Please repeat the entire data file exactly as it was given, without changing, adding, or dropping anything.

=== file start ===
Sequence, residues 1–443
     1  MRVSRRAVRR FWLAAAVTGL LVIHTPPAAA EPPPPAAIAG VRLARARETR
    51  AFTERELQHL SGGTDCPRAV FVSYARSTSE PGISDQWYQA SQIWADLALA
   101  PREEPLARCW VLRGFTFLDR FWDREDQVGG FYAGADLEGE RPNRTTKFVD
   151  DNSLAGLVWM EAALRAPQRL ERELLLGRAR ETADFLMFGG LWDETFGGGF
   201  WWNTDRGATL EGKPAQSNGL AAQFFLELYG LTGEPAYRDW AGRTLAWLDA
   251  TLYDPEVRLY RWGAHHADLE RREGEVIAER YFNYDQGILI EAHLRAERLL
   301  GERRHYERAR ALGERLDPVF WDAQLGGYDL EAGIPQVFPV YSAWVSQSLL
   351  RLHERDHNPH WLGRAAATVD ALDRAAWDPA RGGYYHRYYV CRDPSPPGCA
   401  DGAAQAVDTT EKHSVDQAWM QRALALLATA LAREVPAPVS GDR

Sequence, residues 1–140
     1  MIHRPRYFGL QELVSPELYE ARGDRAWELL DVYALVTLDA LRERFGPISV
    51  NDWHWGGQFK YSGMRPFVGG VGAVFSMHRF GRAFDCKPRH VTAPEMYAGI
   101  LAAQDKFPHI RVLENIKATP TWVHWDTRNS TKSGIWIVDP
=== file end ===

Sequence, residues 1–443
     1  MRVSRRAVRR FWLAAAVTGL LVIHTPPAAA EPPPPAAIAG VRLARARETR
    51  AFTERELQHL SGGTDCPRAV FVSYARSTSE PGISDQWYQA SQIWADLALA
   101  PREEPLARCW VLRGFTFLDR FWDREDQVGG FYAGADLEGE RPNRTTKFVD
   151  DNSLAGLVWM EAALRAPQRL ERELLLGRAR ETADFLMFGG LWDETFGGGF
   201  WWNTDRGATL EGKPAQSNGL AAQFFLELYG LTGEPAYRDW AGRTLAWLDA
   251  TLYDPEVRLY RWGAHHADLE RREGEVIAER YFNYDQGILI EAHLRAERLL
   301  GERRHYERAR ALGERLDPVF WDAQLGGYDL EAGIPQVFPV YSAWVSQSLL
   351  RLHERDHNPH WLGRAAATVD ALDRAAWDPA RGGYYHRYYV CRDPSPPGCA
   401  DGAAQAVDTT EKHSVDQAWM QRALALLATA LAREVPAPVS GDR

Sequence, residues 1–140
     1  MIHRPRYFGL QELVSPELYE ARGDRAWELL DVYALVTLDA LRERFGPISV
    51  NDWHWGGQFK YSGMRPFVGG VGAVFSMHRF GRAFDCKPRH VTAPEMYAGI
   101  LAAQDKFPHI RVLENIKATP TWVHWDTRNS TKSGIWIVDP